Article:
Hair that is natural, virgin, and non-chemically treated does not need to be washed as frequently. Washing them once every ten to fifteen days should be sufficient.
Hair that has been chemically treated is more prone to build-up. This is caused by oxidized amino acid sites along the hair shaft that can form electrostatic bonds with cationic ingredients.
Also, hair that has been chemically modified has a greater tendency to accumulate conditioning products, which makes them more prone to build-up. As a result, they need to be washed at least once a week with a clarifying shampoo for optimal upkeep.
A basic guideline is:
Shampoo formulations rely on surfactants, which are organic chemical compounds that clean and create foam. A typical example is sodium laureth sulfate (SLES) present in almost every other facial, body, and hair cleansing product.
An ideal surfactant for a clarifying shampoo should be capable of accomplishing the following tasks:
● Clean hair fibers effectively.
● Get rid of build-up.
● Restore the natural texture of hair fibers.
● Make it easy to comb and brush hair.
Shampoos often contain sulfates, like SLS, because they create foam quickly and are cost-effective. Sulfates tend to remove an excessive amount of moisture, resulting in dry and unhealthy hair. Additionally, they can cause dryness on the scalp and increase the risk of irritation.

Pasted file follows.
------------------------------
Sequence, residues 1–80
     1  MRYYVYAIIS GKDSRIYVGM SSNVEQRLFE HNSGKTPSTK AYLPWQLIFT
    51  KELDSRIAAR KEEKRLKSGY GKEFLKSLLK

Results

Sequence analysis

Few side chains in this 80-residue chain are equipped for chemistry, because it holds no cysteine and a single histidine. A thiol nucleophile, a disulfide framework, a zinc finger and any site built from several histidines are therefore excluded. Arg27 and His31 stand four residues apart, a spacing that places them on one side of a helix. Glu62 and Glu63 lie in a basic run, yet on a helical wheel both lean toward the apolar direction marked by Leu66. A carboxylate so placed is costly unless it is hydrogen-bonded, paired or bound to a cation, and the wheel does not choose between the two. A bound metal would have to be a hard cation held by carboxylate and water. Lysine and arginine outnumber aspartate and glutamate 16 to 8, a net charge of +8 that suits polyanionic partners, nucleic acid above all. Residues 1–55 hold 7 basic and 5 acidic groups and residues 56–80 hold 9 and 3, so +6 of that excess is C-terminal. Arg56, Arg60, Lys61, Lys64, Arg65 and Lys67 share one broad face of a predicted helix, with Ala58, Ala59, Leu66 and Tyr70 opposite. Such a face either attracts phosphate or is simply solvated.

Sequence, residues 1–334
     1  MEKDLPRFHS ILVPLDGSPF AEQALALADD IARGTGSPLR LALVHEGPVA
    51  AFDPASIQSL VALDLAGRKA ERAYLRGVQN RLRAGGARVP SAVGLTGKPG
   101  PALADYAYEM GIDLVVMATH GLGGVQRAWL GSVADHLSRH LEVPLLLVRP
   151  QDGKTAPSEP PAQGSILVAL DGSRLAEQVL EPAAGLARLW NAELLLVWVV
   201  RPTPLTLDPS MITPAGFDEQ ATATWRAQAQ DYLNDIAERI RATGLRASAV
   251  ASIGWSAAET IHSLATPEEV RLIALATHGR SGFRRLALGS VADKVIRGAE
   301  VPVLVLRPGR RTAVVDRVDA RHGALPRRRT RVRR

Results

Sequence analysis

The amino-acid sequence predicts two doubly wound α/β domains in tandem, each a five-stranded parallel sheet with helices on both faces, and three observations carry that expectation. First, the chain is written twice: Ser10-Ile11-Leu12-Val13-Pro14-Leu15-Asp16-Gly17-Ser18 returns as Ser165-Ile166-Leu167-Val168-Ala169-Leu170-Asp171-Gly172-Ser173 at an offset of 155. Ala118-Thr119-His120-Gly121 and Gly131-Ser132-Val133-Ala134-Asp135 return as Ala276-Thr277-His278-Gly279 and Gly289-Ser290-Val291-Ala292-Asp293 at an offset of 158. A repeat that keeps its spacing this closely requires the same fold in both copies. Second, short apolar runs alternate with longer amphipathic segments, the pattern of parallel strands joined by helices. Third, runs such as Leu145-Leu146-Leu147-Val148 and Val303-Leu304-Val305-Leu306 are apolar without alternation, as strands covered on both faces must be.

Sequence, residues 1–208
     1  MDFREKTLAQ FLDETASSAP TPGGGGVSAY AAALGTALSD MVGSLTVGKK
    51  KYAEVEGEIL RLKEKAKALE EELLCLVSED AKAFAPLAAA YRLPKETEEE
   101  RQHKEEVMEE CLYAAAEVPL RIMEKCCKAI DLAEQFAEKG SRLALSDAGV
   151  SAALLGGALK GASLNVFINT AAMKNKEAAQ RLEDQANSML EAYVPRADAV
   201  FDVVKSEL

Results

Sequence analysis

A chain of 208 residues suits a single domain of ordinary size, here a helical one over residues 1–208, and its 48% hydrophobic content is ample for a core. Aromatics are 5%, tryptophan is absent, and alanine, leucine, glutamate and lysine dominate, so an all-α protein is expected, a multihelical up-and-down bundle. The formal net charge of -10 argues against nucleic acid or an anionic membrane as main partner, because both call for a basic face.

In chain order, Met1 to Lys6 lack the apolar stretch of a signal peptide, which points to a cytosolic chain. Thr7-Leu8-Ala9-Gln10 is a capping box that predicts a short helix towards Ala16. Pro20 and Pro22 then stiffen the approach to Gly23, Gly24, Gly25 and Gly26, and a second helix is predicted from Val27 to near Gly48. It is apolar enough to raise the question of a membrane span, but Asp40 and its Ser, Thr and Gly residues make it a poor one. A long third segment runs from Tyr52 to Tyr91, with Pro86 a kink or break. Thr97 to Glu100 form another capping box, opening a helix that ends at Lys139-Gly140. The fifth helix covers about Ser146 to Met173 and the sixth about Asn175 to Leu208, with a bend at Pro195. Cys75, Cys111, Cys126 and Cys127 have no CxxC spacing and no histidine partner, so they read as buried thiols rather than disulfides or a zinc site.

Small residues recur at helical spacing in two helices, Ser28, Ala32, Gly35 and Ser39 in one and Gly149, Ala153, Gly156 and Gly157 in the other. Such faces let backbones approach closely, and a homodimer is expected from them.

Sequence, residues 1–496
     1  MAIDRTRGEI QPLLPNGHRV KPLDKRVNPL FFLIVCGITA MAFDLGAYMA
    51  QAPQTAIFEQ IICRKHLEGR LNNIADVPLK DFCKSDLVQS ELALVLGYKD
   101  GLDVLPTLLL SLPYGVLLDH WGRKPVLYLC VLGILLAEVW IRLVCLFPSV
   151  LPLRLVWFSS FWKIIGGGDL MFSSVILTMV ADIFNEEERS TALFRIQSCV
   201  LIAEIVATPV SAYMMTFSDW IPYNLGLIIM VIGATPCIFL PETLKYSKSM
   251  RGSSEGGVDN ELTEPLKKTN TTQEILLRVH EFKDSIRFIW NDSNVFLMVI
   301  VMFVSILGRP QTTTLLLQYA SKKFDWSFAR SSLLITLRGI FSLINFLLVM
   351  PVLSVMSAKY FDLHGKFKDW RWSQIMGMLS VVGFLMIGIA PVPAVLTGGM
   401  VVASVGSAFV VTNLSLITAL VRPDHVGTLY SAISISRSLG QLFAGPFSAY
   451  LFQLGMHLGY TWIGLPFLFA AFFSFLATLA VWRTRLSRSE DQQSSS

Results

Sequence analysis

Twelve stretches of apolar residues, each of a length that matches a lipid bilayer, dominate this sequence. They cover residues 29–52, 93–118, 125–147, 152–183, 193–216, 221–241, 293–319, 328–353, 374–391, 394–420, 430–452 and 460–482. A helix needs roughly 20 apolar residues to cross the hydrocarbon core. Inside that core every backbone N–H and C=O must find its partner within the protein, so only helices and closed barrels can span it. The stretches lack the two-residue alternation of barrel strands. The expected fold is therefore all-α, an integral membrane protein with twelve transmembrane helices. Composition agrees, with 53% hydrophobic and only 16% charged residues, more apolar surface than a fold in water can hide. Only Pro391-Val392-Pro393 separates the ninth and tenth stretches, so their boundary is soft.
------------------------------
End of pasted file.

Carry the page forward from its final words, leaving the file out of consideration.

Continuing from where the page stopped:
If you have sensitive skin and hair and you’re experiencing side effects from sulfate shampoos, it may be worth trying a sulfate-free product to see if your symptoms improve or go away.
Three main cleansing surfactants are recommended for use with a clarifying shampoo.
1) Sodium Lauroyl Sarcosinate. This mild anionic surfactant is gentle but effective at producing a large amount of foam that has effective cleansing properties. It does a great job of removing sebum, waxes, and lipid residue deposited over the hair shaft. It can also dissolve cationic ingredients. Its mild nature hydrates the hair and won’t make hair dry.
2)Sodium Cocoyl Isethionate (SCI). SCI is yet another mild anionic surfactant that is strongly recommended for a sulfate-free clarifying formulation. Isethionate offers a rich creamy lather with a good level of hydration during washing boosting the fiber and scalp water content.
3) Lauryl Glucoside. Lauryl glucoside is a type of green surfactant that is sugar-based. It is excellent for cleansing and dispersing oils, and produces a moderate amount of foam. These surfactants are sustainable and easily break down over time.
The three surfactants mentioned above are gentle enough for cleansing without damaging the scalp or hair.
Is it possible to include conditioning ingredients in a clarifying shampoo? Definitely! It’s beneficial to have a low to moderate level of conditioning ingredients, especially ingredients that make it easier to comb through wet hair, in the formulation.